Three years ago I wrote Brexit: The Gift That Keeps On Giving. I wasn’t trying to add anything to the debate … the older I get the more I realize I have nothing to offer. That piece was about how funny it all was to an outsider with no skin in the game. But in fact, I did have skin in the game via exports. But I had already taken the loss and internalized it. I got over my losses and saw the humor in the incompetence of the British Conservatives.
Brexit, like Kenny Powers, had a hilarious first season followed by diminishing returns with each new episode. It still has its moments but, you only keep watching because the first act was so good. That’s Brexit.
Brexit has also gone dark, like Succession. Heavy moments make you contemplate the depths of humanity. The drama and laughs continued, but with dark consequences in stark relief. Like when Kendall drives a car into the lake under the influence, killing a local. Still funny, but dark. What changed is Boris Johnson got Brexit done.
I saw this tweet in real time and couldn’t believe it didn’t get more attention. The chief adviser to the prime minister, after he resigned of course, and after Brexit is proving to be a shitshow as predicted, effectively states the plan to leave the EU single market seamlessly was to take Ireland with them. Is it funny or dark that he believed that was viable? Both.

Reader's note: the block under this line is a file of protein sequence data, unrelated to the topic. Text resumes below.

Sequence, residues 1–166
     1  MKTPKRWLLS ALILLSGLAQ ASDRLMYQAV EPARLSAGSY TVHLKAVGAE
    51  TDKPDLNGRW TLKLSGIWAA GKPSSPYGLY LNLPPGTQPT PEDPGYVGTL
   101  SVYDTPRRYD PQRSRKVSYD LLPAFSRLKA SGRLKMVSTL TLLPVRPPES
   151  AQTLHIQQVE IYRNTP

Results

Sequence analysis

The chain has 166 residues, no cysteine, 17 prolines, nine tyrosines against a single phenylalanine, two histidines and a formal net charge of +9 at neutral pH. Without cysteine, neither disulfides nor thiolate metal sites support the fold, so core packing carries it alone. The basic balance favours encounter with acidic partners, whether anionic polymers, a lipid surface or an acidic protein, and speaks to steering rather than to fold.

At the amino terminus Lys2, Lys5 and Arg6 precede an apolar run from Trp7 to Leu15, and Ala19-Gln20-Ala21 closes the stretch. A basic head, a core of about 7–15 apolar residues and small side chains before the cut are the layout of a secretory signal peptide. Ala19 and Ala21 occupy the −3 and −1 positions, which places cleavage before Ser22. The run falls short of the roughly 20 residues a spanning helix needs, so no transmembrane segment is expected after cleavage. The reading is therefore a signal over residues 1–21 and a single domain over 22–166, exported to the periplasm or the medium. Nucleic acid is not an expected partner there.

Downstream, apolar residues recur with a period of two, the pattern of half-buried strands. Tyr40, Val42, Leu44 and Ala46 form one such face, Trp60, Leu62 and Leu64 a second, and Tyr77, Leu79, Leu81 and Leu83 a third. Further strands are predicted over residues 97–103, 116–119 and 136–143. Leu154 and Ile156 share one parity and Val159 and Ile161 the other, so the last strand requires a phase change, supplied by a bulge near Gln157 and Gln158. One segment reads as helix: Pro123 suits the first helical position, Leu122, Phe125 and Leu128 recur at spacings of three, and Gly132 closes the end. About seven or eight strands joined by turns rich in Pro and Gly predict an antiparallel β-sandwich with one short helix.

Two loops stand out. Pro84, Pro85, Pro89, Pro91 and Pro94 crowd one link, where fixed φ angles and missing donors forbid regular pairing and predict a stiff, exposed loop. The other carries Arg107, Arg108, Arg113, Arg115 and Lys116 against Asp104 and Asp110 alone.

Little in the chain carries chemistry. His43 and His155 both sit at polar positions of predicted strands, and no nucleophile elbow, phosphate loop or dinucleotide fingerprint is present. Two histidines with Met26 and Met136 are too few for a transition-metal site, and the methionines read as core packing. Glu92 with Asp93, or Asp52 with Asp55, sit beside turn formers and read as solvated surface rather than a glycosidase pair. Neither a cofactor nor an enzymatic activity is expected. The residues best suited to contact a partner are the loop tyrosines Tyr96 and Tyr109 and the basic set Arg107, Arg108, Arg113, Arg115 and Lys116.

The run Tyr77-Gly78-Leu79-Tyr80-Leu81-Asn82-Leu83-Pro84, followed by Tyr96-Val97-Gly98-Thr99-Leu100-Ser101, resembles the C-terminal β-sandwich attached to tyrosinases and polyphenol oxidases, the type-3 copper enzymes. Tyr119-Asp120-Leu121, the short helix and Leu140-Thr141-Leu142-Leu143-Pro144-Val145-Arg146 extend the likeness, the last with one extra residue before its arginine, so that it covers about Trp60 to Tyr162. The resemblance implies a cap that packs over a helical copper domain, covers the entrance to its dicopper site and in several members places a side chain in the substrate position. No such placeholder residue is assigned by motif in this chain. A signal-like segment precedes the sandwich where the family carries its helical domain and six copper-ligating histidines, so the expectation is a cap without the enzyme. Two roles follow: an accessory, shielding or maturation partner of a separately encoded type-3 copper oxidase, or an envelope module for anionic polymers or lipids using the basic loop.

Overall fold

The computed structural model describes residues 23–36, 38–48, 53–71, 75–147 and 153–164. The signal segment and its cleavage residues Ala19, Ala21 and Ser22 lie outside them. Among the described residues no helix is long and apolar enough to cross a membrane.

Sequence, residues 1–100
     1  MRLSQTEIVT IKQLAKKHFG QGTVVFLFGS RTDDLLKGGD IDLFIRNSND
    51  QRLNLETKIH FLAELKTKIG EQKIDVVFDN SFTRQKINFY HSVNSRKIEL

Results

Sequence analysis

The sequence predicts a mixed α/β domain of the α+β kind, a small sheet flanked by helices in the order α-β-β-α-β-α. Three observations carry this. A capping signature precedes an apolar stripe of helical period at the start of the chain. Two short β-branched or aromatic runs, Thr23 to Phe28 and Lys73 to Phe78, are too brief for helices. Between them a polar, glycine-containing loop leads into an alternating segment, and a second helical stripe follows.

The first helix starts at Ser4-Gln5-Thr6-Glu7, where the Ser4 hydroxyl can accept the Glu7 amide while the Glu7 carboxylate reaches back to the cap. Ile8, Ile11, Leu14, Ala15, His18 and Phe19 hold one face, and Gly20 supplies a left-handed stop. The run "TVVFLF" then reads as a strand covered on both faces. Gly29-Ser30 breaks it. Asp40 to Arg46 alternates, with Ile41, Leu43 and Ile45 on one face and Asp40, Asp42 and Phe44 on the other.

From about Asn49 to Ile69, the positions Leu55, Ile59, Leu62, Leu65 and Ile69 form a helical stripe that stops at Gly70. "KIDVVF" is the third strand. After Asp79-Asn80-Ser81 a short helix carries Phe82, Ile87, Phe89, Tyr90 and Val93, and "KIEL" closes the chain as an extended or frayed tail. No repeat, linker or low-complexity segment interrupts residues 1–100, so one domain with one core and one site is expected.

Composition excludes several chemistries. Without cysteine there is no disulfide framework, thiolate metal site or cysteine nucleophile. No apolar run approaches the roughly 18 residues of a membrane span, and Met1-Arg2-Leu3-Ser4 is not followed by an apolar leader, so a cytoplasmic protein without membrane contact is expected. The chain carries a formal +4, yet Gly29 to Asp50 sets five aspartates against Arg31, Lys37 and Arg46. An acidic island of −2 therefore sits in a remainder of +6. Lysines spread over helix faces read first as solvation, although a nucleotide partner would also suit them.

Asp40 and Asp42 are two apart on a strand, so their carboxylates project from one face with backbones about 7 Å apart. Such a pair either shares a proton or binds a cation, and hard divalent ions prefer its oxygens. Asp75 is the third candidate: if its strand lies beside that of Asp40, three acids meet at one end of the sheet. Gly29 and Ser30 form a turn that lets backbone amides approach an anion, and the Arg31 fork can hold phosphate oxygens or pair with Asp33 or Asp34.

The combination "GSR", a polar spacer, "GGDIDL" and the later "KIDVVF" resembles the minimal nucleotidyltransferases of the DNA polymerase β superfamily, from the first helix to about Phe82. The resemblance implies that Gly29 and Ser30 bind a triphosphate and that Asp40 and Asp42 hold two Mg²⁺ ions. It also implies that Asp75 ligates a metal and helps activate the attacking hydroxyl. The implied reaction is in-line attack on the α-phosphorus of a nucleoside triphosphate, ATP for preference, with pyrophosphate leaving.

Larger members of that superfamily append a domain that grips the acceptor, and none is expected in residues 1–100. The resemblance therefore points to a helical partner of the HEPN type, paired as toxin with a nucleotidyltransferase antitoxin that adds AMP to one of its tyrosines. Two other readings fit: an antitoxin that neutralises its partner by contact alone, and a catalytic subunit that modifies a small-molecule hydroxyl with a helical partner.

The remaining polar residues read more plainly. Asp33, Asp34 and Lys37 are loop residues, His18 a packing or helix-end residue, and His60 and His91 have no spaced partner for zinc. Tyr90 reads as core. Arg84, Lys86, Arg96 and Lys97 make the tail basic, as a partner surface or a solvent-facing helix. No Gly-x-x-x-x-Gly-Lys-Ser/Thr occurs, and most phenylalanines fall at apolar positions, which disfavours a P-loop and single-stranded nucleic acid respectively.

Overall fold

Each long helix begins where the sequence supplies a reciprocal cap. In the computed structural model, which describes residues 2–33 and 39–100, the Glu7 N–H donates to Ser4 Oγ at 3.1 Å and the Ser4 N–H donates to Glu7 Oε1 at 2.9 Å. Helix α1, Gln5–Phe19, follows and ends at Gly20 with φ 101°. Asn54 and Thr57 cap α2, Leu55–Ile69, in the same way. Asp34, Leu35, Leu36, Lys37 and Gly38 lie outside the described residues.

I don’t believe this was ever a premeditated strategy, so much as him absolving himself of responsibility for the shitshow. But the fact he would even say it helps explain how the Irish question never entered public discussion of Brexit before the referendum, taking a back seat to more topical priorities like funding the National Health Service.
Before being ousted last month, Boris “BoJo” Johnson threatened to abandon the agreement if the EU doesn’t renegotiate the Northern Ireland Protocol. When I was growing up in the 1980s and 1990s, an “Indian giver” was somebody who welched on an agreement. Specifically giving something in exchange and then demanding it back. It’s politically incorrect to use that term today, so we need a new one. I propose we make it a “Tory giver.” That isn’t so broad as to paint all Brits with the slang, just the ones who chose BoJo for their leader.
Britain must now deal with a new Scottish independence referendum and a rising push for United Ireland. They’ll devote significant energy to keeping the United Kingdom intact. If they don’t, Brexit will be seen as an inflection point in the long decline of British influence. I say that as a beneficiary of British influence. Unfortunately it’s undeniably on the decline, and Brexit as an unforced error was a milestone.
Many people disagree. They say Britain will be fine, Brexit won’t spell doom and the British people will be just fine. That should have been their slogan … we’ll be just fine!
The undeniable verdict is illustrated in how Europeans react.
BoJo Gives FR a BJ
Look no further than France, where the right-wing nationalists led by Marine Le Pen dropped Frexit (France leaving the EU) from their platform. “I do not want to leave the EU. That is not my objective,” Le Pen said before losing this year’s presidential election to incumbent Emmanuel Macron. She may not be friendly toward the idea of integration, but the fact that she dropped the proposition of leaving from her party platform speaks loudest.